Google’s dispute with China should not be “over-interpreted” or seen as influencing Sino-US ties, a senior Chinese minister said yesterday before a planned speech by US Secretary of State Hillary Clinton on Internet freedom.
Clinton’s speech planned for Washington yesterday could be seen in Beijing as throwing down a gauntlet, a week after search engine giant Google said it had been the target of sophisticated cyber-spying from China.
“The Google incident should not be linked to bilateral relations, otherwise that would be over-interpreting it,” Xinhua news agency quoted Vice Foreign Minister He Yafei (何亞非) as saying.
“In the year that [US President Barack] Obama has been in office, the development of China-US relations has been basically stable,” He said in comments to Chinese journalists carried on the China Daily’s Web site.
He appeared to be seeking to play down potential fallout from the Google dispute, which could compound tensions with Washington over trade, currency policy, human rights and climate change.
“The Chinese government encourages the development of the Internet in China, but there must be observance of Chinese law,” He said.
“If Google or other foreign firms have any problems in China, these should be resolved according to Chinese law, and the Chinese government is willing to help resolve their problems,” he said.
Google, the world’s top search engine, said it may shut its Chinese-language google.cn Web site and offices in China after a cyber-attack originating from China that also targeted others.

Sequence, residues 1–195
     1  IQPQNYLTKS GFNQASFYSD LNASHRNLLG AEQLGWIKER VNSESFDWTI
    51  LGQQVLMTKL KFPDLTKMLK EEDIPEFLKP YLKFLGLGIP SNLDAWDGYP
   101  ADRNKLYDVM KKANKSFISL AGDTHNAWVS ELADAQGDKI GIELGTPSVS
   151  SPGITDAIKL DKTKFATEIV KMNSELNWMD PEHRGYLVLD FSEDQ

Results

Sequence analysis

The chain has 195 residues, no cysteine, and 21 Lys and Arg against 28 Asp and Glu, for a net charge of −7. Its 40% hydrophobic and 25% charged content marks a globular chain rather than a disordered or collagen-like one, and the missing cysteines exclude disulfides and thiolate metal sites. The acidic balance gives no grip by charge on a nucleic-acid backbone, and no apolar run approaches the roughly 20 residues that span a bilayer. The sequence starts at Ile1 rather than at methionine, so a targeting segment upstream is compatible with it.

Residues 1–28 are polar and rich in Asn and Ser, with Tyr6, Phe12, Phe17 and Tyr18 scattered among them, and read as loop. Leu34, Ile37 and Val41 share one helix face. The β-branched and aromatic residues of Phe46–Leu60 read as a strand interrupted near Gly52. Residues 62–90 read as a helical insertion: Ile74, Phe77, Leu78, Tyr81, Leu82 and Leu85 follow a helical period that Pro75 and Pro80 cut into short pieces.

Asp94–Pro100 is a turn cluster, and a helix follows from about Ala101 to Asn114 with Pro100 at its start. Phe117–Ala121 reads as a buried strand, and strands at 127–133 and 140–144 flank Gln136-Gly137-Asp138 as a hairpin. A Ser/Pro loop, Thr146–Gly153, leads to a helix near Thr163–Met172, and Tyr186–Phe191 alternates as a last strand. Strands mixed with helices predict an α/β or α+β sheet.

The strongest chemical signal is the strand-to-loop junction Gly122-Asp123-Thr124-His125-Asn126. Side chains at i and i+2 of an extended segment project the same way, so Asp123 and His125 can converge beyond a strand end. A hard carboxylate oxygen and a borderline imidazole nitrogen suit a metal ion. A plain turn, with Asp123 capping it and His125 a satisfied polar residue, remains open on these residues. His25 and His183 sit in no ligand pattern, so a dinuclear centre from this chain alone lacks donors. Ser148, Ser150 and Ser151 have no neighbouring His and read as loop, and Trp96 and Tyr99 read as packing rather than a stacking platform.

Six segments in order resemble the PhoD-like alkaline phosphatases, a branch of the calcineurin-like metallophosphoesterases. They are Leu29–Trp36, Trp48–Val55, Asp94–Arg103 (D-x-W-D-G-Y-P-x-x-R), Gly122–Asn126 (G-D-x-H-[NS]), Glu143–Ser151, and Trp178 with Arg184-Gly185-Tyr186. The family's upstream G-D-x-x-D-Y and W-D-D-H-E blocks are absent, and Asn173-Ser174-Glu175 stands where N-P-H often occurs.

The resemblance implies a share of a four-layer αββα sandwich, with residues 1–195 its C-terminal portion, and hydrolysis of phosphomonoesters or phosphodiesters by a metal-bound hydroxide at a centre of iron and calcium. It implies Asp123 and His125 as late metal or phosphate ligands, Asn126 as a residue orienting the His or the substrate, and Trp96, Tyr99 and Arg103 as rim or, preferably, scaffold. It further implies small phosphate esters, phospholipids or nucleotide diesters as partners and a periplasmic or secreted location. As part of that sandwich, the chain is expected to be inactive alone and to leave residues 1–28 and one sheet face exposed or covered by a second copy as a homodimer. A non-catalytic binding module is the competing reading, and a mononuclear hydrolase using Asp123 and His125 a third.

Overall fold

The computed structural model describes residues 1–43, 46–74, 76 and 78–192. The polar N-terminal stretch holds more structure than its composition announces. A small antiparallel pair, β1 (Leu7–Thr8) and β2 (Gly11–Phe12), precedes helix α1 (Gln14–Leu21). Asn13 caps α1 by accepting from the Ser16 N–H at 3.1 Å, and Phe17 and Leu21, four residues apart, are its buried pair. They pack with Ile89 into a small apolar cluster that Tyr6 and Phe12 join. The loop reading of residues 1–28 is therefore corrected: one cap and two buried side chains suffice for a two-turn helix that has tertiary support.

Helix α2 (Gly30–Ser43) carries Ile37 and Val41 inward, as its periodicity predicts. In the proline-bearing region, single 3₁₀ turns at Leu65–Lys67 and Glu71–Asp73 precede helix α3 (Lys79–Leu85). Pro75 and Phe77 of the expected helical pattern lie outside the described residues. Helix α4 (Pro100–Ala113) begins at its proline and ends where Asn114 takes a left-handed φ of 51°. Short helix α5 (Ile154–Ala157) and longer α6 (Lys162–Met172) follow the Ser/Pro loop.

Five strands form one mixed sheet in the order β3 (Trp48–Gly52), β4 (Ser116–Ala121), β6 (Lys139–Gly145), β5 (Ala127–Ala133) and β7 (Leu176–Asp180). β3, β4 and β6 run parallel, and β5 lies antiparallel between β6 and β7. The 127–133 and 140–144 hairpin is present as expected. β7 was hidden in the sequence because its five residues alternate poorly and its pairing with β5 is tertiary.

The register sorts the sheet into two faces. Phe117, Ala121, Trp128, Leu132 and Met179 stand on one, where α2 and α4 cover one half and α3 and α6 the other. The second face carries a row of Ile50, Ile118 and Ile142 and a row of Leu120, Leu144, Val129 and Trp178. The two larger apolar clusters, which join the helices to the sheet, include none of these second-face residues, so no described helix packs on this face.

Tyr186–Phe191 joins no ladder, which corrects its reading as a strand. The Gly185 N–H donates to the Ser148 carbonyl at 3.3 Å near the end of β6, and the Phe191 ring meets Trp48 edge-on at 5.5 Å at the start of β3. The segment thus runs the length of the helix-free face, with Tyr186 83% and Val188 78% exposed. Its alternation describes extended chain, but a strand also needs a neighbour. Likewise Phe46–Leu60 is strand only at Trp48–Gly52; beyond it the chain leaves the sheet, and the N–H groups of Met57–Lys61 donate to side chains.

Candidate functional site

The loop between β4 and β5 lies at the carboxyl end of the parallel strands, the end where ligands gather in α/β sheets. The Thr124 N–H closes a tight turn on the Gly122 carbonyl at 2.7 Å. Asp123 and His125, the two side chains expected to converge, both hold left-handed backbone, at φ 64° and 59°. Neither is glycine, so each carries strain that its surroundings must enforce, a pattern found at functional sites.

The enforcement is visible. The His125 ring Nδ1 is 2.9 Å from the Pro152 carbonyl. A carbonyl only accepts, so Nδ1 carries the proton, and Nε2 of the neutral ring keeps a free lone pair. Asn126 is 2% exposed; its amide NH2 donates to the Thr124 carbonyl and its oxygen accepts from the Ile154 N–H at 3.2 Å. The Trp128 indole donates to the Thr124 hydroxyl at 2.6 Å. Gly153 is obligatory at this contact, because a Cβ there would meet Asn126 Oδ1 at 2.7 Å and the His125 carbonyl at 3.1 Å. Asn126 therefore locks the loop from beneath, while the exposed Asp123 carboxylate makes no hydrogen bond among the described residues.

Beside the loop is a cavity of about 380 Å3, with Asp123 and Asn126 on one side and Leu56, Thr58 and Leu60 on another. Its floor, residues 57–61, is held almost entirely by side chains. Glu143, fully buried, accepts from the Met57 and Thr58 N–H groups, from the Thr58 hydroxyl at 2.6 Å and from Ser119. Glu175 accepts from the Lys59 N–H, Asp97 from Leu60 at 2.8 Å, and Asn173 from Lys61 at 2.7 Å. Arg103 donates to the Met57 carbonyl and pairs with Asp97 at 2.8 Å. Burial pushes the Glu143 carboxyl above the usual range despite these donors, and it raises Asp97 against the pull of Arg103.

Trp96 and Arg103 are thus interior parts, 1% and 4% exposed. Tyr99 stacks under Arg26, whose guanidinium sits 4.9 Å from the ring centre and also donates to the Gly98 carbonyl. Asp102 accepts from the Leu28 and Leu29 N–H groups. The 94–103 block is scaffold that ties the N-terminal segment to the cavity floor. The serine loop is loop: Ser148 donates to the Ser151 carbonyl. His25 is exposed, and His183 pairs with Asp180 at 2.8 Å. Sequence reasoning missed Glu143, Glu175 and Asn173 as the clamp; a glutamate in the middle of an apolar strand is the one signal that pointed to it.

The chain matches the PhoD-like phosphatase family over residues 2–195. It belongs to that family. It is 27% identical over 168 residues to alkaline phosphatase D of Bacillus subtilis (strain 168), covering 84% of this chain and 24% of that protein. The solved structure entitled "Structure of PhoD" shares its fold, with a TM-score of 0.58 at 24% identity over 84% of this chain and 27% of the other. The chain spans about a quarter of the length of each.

The company also said it would discuss with the Chinese government ways to offer an unfiltered search engine, or pull out. Searches for sensitive topics on google.cn are still largely being censored.
“Managing the Internet is a matter of national security. A lot of countries practise oversight of the Internet, and so does China. It is a very normal thing,” He said.
Facebook, Twitter and YouTube are blocked in China.
Weighing into the debate, Jack Ma (馬雲), the outspoken chief executive of China’s largest e-commerce firm Alibaba, said this week Google was looking for “excuses” by blaming China.
Ma’s statement at an economic forum in Taiwan were Alibaba’s second condemnation of Google’s face-off with Beijing following charges of the cyber-attack.
“People who fail always make excuses,” Ma said.
“I think there are how many foreign firms that have come to China and fallen, five or six? And there are more than 5,000 fallen Chinese firms,” he said.
“They say they lack government connections, lack money, lack whatever. These are just excuses,” he said.